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Gene Therapy

Reactions: Peptide nucleic acids and nitrogen-fixing bacteria

June 4, 2023 | A version of this story appeared in Volume 101, Issue 18


Letters to the editor

A thumbnail of the first page of the article on peptide nucleic acids. It shows a peptide nucleic acid binding to a strand of DNA.
Credit: C&EN

Peptide nucleic acids targeting noncanonical DNA and RNA

As a molecular biologist, I always enjoy reading articles concerning DNA and RNA. Your excellent article in the April 3, 2023, issue of C&EN (page 18) titled “The Promise of Peptide Nucleic Acids” discussed an important topic relating to gene therapy—that is, antisense therapeutics and gene- editing tools. Peptide nucleic acids (PNAs) can open a double-stranded (ds) DNA molecule and inhibit its gene expression. PNAs bind to DNA and RNA with high specificity and selectivity, resulting in PNA-DNA and PNA-RNA hybrid structures. Therefore, they have exciting potential as diagnostic tools and therapeutic agents.

However, only briefly discussed in the article is the possibility of developing PNAs to target nucleic acid secondary structures such as RNA hairpins. More focus needs to be placed on all the other nucleic acid secondary structures, going beyond canonical right-handed ds-B-DNA, right-handed ds-A-RNA, and single-stranded (such as messenger RNA) nucleic acids based on nucleotide sequences—that is, the hybridization of base pairs.

Researchers need to consider targeting exotic, noncanonical nucleic acids—that is, alternative and multistranded DNA and RNA structures. Local transitions in the structure of canonical ds-B-DNA are functionally significant biological molecules, regulating many cellular processes, such as transcription and translation. These exotic nucleic acid structures have also been connected to genetic instability in the presence or deficiency of DNA damage, with or without DNA replication. DNA and RNA possess dynamic structural variability resulting in a variety of unusual nucleic acid structures, such as cruciform DNA, DNA-RNA hybrids, slipped-strand DNA, and parallel-stranded DNA.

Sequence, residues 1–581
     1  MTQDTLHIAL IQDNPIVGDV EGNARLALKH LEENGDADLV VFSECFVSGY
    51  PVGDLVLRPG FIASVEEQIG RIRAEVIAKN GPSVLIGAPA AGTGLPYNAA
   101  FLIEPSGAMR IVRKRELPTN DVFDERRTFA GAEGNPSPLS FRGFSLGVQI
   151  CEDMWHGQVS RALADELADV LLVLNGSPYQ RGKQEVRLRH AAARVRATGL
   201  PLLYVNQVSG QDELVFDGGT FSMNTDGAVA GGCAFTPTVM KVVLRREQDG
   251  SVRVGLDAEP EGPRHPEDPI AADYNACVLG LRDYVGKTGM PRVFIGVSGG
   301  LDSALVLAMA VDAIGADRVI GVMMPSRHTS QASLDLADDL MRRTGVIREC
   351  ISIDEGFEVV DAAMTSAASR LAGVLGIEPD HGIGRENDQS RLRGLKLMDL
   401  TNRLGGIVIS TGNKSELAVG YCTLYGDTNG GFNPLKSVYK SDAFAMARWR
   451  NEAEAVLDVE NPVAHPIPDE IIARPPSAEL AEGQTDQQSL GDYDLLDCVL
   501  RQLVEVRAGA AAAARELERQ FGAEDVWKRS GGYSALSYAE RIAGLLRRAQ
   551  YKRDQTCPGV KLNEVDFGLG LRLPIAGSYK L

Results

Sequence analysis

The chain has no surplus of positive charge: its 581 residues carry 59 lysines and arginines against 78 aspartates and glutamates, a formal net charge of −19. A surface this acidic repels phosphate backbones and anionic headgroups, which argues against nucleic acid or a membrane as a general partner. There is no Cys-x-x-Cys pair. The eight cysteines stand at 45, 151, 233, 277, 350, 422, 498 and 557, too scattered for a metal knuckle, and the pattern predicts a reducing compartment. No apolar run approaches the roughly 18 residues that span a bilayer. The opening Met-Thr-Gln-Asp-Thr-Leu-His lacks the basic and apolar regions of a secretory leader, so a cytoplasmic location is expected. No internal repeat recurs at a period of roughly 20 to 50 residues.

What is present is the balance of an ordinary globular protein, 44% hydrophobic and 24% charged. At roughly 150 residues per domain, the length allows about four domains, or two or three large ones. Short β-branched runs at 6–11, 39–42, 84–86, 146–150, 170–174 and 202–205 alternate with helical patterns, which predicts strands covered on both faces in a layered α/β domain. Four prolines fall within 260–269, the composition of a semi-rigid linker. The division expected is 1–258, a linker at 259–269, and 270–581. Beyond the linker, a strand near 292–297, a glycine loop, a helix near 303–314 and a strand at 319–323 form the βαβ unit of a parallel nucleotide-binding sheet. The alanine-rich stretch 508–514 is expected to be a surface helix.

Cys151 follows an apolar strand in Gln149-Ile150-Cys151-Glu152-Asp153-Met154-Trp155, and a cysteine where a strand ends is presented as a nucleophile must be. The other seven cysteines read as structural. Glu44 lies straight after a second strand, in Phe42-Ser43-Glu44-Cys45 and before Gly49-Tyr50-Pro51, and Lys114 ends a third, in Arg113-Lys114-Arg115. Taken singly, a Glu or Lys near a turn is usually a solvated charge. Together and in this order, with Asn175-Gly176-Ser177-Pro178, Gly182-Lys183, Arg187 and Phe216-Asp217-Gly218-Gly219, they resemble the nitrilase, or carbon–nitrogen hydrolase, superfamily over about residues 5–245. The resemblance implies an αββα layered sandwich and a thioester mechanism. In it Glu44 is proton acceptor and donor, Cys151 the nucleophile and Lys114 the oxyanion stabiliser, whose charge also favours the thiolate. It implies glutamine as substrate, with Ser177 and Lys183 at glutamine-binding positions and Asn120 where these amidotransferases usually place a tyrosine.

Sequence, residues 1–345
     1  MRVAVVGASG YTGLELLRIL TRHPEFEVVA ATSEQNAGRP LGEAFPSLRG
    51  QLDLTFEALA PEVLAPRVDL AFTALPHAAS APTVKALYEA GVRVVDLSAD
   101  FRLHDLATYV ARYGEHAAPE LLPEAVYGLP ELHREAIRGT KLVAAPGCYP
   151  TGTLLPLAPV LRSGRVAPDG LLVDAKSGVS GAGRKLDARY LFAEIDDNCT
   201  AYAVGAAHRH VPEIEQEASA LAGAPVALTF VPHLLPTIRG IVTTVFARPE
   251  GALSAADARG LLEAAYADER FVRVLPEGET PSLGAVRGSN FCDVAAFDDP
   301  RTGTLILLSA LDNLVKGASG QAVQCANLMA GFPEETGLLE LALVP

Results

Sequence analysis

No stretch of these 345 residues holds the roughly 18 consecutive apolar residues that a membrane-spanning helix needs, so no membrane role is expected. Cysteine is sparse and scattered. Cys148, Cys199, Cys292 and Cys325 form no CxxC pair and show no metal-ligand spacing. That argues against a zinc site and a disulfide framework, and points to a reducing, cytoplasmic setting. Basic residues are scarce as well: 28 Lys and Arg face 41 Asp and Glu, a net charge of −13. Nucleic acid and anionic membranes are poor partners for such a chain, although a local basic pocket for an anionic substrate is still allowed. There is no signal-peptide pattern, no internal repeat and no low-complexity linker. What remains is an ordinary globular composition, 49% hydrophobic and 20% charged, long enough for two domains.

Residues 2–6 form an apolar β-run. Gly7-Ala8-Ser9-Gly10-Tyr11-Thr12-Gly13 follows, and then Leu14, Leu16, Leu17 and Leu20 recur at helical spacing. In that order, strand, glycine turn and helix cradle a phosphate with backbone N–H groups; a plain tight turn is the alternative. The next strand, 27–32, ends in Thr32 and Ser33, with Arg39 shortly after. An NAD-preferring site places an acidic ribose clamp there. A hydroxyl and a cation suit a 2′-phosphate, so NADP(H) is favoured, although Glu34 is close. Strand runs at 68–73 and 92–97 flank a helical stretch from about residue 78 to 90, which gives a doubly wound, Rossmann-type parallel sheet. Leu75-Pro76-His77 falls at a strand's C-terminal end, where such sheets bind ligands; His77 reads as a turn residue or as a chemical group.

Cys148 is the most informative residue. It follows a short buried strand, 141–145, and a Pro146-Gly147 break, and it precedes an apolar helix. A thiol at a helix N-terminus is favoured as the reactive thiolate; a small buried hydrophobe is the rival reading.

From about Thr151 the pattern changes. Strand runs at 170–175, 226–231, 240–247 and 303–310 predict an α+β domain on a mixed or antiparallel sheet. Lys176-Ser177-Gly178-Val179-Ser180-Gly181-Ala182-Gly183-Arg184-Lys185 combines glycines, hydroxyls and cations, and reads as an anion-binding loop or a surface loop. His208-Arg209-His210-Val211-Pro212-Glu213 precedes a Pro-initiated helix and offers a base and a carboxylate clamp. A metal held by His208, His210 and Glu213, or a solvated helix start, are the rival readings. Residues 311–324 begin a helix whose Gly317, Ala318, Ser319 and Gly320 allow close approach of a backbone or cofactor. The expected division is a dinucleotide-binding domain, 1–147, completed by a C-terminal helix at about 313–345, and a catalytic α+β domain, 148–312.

Using PNAs as therapeutic tools for targeting both canonical and noncanonical nucleic acids will allow for their full potential and optimal expansion of gene therapy.
Claude Gagna

Expanding the therapeutic capabilities of PNAs beyond canonical B-DNA would expand PNAs’ use in therapeutics. The expansion should include alternative ds-DNA structures such as left-handed ds-Z-DNA and left-handed ds-Z-RNA. It should also include multistranded DNA structures such as triplex DNA (intermolecular and intramolecular, like H-DNA), G4-quadruplex DNA, and i-motif DNA.

If possible, targeting noncanonical nucleic acid structures with PNAs would increase the chance of developing novel therapeutics that can target all genomic DNA and RNA structures in genes and telomeres. We are witnessing the transition of gene medicine from an experimental technology into a real-world, practical approach for developing nucleic acid–based therapeutics, such as used for gene silencing or gene editing (like CRISPR) of pathological conditions.

Using PNAs as therapeutic tools for targeting both canonical and noncanonical nucleic acids will allow for their full potential and optimal expansion of gene therapy.

Claude Gagna
Bronxville, New York

Recognizing nitrogen-fixing bacteria’s potential to reduce fertilizer use

The first two pages of the C&EN cover story on agricultural chemicals show a sprayer in a field.
Credit: C&EN

In the article titled “Growing More Food with Less Chemicals,” which appeared in the May 8, 2023, issue of C&EN (page 28), there was a glaring omission.

What was left out was the research and development of genetically modified nitrogen-fixing bacteria that can be applied to seed, foliage, or soil to reduce fertilizer use.

Herbert B. Scher
Moraga, California



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